St. Francis is Bend's largest parish and has struggled with financial challenges, including support of a parish elementary school and a $6.4 million church building project, in recent years. Parishioners, including members of the stewardship group, parish council and finance committee, credited Radloff with reinvigorating the parish. Mass attendance, contributions and school support noticeably improved since he became pastor in December 2011, they said.

According to Radloff's Oct. 30 statement:

  • On Aug. 1, Cary asked him to resign as pastor;
  • The priest "responded by asking for mediation and reconciliation, which requests were rejected";
  • Radloff and Faucher were consequently "informed of the five reasons for my removal" by Cary;
  • In response, Faucher "submitted a long legal brief rejecting all of the reasons," arguing that they did not meet the criteria for removal found in canon law; and
  • Those "detailed objections were simply dismissed by Bishop Cary in one-sentence rejection of them."

Many parishioners also were troubled by the presence of two visibly armed security personnel at the vigil and Sunday Masses over which Cary presided at St. Francis on Oct. 5 and 6

Cary allowed time after each of the liturgies for parishioners to visit with him. Robert Parkinson said he waited in line nearly a half hour after the Sunday 10 a.m. Mass “to ask him why he thought it was necessary to have armed guards outside and then inside during Mass.

"His response was, 'We heard there was going to be trouble,' ” Parkinson said.

Parkinson, the owner of a printing and graphics company,  said, “It is unfathomable that you need armed guards in a church in Bend. I told the bishop that he had underestimated the caliber of parishioners in this parish. No response. Just a stone face. I told him he had ripped the heart and soul out of this parish and (I) just walked away.”

Mike Cleavenger, a law enforcement retiree and 27-year parishioner, noticed an armed security guard as he drove into the parish parking lot for the Saturday vigil Mass. “You couldn't miss him,” he said, “since there is only one entry. He was wearing a shirt and tie and he had a semi-automatic weapon on his hip. And he had a private security badge.”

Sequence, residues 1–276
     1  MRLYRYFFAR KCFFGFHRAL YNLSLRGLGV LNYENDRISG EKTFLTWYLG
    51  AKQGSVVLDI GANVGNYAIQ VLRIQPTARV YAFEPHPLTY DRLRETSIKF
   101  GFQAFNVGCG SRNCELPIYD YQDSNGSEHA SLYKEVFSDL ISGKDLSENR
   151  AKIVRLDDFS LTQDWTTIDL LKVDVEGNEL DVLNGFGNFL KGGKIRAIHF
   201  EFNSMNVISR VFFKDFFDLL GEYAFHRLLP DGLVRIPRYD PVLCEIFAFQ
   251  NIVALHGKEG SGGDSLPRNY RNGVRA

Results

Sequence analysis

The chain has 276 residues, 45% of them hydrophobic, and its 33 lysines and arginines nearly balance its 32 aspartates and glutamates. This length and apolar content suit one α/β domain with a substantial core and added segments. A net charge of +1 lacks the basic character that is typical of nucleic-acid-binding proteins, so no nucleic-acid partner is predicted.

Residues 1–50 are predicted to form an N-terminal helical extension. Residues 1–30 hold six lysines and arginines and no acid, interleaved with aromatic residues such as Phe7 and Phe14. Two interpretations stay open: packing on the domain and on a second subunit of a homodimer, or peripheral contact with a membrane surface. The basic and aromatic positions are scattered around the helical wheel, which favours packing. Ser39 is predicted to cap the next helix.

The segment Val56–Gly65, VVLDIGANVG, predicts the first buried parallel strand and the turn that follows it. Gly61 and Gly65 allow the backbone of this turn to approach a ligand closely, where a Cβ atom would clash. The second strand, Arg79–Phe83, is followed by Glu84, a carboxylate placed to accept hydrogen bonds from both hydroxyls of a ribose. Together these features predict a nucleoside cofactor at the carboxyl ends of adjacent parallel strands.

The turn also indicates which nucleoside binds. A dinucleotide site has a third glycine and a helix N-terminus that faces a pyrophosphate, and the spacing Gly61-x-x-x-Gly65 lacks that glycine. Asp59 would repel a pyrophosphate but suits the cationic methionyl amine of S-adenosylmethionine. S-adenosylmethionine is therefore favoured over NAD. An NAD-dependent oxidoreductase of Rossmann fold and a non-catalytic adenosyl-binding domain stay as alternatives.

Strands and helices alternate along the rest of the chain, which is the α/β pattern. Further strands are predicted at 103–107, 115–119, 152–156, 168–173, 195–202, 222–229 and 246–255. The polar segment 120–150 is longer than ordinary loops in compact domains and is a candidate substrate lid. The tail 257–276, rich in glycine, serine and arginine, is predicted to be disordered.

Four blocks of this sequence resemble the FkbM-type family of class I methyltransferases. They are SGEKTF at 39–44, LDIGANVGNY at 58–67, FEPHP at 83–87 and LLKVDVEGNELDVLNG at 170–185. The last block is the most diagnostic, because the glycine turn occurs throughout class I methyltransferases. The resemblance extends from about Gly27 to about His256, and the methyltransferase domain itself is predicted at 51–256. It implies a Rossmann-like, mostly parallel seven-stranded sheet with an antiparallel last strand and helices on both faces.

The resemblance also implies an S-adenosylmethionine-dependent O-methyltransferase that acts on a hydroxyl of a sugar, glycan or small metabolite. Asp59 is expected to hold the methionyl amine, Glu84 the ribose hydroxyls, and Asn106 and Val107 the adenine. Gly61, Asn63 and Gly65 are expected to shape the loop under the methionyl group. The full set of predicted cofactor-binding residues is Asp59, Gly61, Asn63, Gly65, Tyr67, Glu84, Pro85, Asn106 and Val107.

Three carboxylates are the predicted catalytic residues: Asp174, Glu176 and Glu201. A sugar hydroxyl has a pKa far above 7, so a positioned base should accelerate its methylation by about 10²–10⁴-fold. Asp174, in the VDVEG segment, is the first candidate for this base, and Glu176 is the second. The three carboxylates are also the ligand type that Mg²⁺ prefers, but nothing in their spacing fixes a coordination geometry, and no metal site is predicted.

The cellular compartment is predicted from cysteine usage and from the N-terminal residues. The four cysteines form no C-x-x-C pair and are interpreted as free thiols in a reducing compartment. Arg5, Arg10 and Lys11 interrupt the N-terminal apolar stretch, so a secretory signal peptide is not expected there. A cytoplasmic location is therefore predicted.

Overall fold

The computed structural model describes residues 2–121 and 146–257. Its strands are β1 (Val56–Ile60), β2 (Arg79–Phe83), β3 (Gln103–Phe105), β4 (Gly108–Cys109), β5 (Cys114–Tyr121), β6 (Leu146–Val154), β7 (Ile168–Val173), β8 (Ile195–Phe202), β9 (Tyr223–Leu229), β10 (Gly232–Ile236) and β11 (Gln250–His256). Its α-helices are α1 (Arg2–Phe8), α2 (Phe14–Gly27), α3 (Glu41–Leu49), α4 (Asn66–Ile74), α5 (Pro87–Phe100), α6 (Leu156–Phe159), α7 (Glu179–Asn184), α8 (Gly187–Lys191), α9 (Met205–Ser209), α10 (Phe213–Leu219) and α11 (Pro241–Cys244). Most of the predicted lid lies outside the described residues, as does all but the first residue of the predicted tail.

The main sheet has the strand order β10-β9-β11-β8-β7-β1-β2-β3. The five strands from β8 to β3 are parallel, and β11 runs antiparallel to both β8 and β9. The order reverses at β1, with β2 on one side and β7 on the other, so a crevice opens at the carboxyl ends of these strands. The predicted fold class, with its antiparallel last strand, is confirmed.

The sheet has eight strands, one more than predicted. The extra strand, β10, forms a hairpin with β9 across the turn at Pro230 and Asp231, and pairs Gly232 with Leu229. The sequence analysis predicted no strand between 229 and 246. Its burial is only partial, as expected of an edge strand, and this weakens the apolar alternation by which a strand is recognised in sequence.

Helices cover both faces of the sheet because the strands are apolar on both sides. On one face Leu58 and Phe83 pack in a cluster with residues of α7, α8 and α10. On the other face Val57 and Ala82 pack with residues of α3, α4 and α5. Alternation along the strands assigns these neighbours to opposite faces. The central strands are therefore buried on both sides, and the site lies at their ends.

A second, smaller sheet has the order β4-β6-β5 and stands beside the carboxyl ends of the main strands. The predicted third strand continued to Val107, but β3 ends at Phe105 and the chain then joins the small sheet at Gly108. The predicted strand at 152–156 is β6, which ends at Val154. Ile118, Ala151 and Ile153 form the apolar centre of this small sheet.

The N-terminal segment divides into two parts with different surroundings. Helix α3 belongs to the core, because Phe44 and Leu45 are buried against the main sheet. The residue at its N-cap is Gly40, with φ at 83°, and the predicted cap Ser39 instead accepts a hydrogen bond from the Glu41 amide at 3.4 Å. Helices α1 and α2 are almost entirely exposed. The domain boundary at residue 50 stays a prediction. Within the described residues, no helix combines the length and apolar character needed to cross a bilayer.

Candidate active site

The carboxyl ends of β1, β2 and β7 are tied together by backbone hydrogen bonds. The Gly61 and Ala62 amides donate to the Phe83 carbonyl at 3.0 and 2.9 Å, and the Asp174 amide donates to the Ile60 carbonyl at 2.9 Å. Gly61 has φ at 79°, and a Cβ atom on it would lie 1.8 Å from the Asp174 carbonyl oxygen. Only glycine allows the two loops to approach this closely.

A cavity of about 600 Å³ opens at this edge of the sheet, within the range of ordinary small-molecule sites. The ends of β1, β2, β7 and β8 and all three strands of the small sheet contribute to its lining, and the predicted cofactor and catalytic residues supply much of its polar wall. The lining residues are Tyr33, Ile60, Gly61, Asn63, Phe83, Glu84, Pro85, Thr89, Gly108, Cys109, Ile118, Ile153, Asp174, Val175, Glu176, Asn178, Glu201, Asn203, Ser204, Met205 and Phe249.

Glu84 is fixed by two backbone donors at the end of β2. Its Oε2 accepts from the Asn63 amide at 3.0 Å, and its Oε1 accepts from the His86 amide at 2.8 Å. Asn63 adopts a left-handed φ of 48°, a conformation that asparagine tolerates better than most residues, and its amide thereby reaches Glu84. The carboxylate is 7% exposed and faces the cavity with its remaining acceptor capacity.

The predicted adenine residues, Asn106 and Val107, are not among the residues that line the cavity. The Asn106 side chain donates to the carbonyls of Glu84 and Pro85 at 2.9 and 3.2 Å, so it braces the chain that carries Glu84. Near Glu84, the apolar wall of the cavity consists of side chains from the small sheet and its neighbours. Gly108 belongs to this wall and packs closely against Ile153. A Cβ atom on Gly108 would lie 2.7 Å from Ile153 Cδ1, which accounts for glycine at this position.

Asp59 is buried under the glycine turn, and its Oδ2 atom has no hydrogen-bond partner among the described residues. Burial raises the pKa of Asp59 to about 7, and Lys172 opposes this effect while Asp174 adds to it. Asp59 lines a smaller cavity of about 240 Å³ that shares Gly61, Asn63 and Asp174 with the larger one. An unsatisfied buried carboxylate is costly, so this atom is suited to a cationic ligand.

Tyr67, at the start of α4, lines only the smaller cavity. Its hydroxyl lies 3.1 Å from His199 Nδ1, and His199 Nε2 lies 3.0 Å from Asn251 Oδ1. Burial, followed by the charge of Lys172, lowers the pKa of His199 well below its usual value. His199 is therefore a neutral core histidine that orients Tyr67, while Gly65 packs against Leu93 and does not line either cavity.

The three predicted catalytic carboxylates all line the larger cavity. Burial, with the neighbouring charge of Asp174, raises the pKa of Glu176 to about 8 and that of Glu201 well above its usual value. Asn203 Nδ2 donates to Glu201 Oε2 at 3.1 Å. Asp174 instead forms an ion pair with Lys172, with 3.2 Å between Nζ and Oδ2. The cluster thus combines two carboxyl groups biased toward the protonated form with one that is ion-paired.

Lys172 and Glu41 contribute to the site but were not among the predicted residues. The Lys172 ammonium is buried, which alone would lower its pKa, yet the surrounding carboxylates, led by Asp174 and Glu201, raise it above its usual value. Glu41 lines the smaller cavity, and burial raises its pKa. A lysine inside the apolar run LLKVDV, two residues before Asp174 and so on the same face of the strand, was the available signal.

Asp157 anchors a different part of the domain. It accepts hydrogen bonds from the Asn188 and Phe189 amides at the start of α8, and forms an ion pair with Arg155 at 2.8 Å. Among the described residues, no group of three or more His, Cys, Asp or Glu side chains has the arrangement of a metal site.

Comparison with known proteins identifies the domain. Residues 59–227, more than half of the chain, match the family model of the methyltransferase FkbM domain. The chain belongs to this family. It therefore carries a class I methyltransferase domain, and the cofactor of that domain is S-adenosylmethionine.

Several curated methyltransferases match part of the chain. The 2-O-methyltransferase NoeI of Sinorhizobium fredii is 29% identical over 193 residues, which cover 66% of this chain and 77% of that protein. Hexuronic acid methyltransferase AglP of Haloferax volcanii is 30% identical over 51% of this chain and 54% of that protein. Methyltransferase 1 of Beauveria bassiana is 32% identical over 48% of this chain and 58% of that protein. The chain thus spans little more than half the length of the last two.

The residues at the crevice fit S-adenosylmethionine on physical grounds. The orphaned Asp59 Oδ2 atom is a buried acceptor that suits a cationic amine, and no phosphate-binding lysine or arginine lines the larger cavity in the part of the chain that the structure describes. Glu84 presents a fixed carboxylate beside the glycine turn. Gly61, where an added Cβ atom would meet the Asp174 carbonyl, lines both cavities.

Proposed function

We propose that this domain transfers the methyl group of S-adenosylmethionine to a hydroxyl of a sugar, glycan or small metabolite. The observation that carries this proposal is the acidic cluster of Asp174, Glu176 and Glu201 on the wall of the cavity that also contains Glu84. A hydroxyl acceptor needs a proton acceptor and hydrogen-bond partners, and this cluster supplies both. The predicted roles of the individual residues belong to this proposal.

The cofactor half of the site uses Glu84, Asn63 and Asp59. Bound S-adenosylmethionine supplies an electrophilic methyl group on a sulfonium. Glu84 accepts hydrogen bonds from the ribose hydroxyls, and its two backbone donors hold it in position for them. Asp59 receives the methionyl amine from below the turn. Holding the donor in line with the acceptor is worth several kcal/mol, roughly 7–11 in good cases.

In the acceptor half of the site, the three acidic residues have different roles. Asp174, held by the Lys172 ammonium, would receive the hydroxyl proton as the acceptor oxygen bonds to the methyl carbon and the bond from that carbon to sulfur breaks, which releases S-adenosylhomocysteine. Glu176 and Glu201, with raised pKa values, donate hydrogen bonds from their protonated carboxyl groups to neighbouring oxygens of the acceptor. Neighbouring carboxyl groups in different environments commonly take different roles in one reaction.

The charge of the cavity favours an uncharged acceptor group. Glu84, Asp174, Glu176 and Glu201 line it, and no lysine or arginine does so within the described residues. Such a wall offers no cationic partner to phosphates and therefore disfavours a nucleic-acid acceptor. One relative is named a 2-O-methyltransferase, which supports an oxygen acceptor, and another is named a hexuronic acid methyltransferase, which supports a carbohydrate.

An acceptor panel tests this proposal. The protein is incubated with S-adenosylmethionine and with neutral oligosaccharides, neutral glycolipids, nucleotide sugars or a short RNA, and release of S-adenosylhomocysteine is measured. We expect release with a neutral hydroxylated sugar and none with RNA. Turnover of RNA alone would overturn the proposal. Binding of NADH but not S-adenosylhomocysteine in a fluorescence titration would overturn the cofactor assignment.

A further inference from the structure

Cleavenger said he overheard the guard “instructing a second person on what they would do if there was a disorderly person in the Mass. He said they would just quietly inform him that he had to leave, and if necessary take him by the arm and say, 'You need to leave with me'.”

Cleavenger introduced himself to the guard and asked if trouble was anticipated. “He said there had been threats against the bishop. I told him I was a retired police officer and that if there really was a disorderly person, we could take care of that ourselves. He said it (their presence) was just precautionary.”

“I told him to remember what I looked like,” Cleavenger said, “because if there was any trouble I would be helping.”

Cleavenger said he had left a phone message with the bishop earlier that week suggesting that it would be healthy for the parish to have Radloff present at the Masses as well to “to help us move ahead, to allow a goodbye and provide an opportunity to celebrate the good times he had here and his great leadership for almost two years.”

Radloff was installed as St. Francis' pastor in December 2011, fewer than three months before Cary was ordained Baker's bishop.

Cleavenger said he had visited numerous parishioners during six months of parish stewardship work and knows a wide cross-section of the congregation.

“I have not heard from one person who feels this should have happened or needed to happen,” he said. “I am sure there are, but the ones who have talked to me are very devastated.”

“The cloak of secrecy and the lack of transparency are very upsetting,” he added.

[Dan Morris Young is an NCR West Coast correspondent. His email address is]